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Rail car shortage affecting B.C. forest industry

B.C. forest companies say they can no longer get enough rail cars to move their products to market at a time when the U.S. housing market is going through a major recovery.


April 17, 2013
By The Vancouver Sun

U.S. housing starts topped one million in March on a seasonally adjusted rate, more than double the low point hit during the recession, prompting a run on rail cars that Canadian mills use to get their wood products to market. It’s not just lumber that’s being affected. Oriented strand board, plywood and even pulp inventories are building at the mills, forcing companies to turn to trucks – which are also in short supply.

“If you had a pickup truck, we would use it,” Bob Hayes, transportation vice-president at Canfor Corp. told The Vancouver Sun.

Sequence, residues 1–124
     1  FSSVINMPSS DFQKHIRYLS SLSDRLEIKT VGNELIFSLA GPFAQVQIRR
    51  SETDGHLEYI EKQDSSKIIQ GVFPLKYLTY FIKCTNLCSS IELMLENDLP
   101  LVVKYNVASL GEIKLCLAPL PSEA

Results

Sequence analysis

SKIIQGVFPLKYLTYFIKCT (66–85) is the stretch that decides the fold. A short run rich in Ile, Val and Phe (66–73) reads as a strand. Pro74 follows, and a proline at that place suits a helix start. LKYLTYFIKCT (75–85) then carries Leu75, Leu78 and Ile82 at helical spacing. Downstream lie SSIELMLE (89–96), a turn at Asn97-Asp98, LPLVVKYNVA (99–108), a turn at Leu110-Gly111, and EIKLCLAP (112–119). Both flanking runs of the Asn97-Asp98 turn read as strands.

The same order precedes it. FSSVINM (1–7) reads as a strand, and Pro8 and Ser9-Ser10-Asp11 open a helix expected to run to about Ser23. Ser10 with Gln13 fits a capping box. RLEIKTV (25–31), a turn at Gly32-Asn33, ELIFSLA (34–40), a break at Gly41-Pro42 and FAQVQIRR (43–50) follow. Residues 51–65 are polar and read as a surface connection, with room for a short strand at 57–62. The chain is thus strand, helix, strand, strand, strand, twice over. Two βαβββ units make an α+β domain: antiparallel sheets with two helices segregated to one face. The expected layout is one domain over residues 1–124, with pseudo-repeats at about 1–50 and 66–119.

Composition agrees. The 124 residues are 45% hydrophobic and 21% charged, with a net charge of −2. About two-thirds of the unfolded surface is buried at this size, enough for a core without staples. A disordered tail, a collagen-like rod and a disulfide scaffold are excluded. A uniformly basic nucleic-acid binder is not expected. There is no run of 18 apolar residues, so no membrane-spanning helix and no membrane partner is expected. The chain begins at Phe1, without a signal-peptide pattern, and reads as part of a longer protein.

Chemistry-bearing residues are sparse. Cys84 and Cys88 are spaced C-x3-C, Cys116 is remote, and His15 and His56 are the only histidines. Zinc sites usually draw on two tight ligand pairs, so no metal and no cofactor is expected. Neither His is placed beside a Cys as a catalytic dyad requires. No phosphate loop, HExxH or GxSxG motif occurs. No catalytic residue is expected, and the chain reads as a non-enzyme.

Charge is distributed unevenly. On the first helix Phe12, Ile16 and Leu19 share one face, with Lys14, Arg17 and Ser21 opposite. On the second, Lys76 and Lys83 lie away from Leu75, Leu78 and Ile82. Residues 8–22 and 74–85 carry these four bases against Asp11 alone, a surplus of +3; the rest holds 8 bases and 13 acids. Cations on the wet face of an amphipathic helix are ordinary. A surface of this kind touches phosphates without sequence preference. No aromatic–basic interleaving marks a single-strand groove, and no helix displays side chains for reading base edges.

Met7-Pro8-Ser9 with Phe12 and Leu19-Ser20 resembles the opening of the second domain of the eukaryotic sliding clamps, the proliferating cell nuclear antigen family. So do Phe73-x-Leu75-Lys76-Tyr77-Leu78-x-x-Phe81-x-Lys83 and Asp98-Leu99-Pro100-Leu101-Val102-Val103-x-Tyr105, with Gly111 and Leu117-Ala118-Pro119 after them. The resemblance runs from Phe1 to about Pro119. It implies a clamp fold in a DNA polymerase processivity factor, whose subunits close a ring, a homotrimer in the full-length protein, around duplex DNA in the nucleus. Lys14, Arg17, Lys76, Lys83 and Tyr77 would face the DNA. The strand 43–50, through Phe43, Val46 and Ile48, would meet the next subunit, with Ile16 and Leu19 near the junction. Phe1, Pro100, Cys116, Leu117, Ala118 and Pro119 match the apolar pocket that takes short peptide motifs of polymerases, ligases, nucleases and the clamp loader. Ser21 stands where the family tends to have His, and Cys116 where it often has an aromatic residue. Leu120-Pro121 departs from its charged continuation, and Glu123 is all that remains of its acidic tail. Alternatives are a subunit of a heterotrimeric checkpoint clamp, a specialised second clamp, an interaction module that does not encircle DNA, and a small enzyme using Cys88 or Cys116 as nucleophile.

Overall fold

However, the rail car crunch is adding to costs, from additional trucking to causing ships to be delayed in port, he said.
“I think transportation and the lack thereof, is going to be the biggest challenge for B.C. forest products companies to get their product to market in 2013 and beyond. Usually economics will drive solutions, but right now, that solution is to constrain the industry,” Hayes said.

In an email statement, CN said since January, CN has been challenged by extremely cold weather in Western Canada, snowfall and several line disruptions.

“As a consequence, train velocity has declined, while terminal dwell times at classification yards have risen. These factors have adversely affected the productivity of the rail network, as well as service levels for all customers,” CN spokeswoman Emily Hamer said in the email.

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